The FATF’s customer identification framework: fit for purpose?

Louis de Koker (School of Law, Deakin University, Melbourne, Australia)

Journal of Money Laundering Control

ISSN: 1368-5201

Publication date: 8 July 2014

Abstract

Purpose

This paper aims to investigate the purpose, reach and effectiveness of the customer identification framework of the Financial Action Task Force (FATF).

Design/methodology/approach

The article draws on relevant research and documents of the FATF, the Basel Committee on Banking Supervision and the Alliance for Financial Inclusion to determine whether compliance with the standards and practices of the FATF would prevent anonymous usage of financial services.

Findings

The FATF’s identification principles, guidance and practices resulted in processes that are largely bureaucratic and do not ensure that identity fraud is effectively prevented. Strict identification requirements on the other hand may impact on financial inclusion, leaving the FATF with little leeway to raise its standards. There are potential solutions, but they are longer-term and partial in nature.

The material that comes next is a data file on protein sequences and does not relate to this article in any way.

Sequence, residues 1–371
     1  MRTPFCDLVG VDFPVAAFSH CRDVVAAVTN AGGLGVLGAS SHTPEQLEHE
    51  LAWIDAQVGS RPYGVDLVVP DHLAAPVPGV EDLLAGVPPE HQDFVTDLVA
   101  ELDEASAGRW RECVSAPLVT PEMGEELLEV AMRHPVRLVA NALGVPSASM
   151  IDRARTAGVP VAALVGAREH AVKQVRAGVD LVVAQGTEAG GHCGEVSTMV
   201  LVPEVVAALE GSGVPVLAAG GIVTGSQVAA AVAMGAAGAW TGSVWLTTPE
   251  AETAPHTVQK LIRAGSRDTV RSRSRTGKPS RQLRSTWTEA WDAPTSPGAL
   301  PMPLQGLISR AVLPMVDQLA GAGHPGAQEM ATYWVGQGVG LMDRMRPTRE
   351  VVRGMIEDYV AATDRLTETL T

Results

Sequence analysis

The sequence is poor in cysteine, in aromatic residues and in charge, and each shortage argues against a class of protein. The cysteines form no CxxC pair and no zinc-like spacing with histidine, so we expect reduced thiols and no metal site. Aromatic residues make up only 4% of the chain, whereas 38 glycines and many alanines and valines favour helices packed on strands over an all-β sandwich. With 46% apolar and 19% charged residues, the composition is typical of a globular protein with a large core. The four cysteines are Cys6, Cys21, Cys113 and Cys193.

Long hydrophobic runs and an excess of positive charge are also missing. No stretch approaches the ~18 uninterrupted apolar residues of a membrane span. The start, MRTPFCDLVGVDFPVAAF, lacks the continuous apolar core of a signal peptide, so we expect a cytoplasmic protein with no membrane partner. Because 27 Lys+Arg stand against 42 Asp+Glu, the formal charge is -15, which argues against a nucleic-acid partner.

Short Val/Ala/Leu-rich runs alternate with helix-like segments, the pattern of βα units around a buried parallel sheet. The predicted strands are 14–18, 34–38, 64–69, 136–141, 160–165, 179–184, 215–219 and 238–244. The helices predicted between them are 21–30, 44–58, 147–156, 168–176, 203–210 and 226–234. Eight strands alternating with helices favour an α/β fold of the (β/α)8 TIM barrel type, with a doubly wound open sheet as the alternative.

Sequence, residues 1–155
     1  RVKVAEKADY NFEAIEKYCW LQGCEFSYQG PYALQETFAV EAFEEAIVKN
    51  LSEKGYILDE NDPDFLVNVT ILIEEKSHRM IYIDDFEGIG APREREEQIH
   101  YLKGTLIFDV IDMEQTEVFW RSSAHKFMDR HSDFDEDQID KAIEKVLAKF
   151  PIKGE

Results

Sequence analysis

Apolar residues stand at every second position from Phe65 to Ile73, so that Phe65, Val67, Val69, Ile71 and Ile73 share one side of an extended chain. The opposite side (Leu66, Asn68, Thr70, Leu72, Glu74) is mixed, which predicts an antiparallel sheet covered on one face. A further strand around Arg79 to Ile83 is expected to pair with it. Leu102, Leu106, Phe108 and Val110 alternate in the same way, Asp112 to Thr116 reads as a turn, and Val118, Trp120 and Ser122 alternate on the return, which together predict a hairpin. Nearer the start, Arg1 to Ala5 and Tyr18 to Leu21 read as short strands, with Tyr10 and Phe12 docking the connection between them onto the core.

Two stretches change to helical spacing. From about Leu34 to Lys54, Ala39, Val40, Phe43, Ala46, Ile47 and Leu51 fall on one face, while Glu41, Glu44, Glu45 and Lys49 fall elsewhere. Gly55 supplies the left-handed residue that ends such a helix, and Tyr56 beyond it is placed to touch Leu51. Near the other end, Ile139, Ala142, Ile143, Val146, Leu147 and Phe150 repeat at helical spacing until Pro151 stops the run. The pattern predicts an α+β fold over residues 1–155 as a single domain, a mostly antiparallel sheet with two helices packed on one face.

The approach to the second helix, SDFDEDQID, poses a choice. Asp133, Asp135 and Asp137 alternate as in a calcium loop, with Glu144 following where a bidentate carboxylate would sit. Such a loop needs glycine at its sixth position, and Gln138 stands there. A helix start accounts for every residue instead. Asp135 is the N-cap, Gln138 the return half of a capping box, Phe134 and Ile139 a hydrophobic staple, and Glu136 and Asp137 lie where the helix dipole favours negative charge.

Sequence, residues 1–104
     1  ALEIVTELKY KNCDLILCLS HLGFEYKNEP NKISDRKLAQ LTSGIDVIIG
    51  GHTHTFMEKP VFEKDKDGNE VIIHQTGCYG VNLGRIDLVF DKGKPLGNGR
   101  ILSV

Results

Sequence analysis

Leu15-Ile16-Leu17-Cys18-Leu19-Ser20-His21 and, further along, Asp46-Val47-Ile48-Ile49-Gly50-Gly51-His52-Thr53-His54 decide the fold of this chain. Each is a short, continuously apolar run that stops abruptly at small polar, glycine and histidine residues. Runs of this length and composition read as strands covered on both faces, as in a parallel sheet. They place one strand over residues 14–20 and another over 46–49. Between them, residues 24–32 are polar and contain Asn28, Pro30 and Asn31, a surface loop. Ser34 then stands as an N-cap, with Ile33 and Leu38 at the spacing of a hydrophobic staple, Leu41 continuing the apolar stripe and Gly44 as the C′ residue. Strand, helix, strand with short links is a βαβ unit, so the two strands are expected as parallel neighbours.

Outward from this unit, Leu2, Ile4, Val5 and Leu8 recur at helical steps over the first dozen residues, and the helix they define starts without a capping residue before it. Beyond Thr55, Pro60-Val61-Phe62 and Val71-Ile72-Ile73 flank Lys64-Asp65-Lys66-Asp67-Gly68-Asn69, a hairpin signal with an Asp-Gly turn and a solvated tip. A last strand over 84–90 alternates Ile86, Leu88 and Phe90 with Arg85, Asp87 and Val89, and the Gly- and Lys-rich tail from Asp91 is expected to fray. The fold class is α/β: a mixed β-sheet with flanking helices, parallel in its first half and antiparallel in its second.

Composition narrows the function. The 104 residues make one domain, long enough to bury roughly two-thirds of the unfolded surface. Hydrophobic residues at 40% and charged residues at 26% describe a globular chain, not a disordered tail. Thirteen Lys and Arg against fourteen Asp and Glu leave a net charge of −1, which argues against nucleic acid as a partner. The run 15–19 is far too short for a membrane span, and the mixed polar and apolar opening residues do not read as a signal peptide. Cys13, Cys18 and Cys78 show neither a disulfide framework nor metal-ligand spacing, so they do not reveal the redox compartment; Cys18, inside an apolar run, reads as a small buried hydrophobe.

Originality/value

Current identification and verification practices affect the lives of millions of people around the globe. The measures are being enforced to ensure that users are appropriately identified. This article informs the debate by highlighting the weaknesses of the current approach.

Keywords

Citation

Louis de Koker (2014) "The FATF’s customer identification framework: fit for purpose?", Journal of Money Laundering Control, Vol. 17 No. 3, pp. 281-295

Download as .RIS

DOI

: https://doi.org/10.1108/JMLC-01-2014-0003

Publisher

:

Emerald Group Publishing Limited

Copyright © 2014, Emerald Group Publishing Limited

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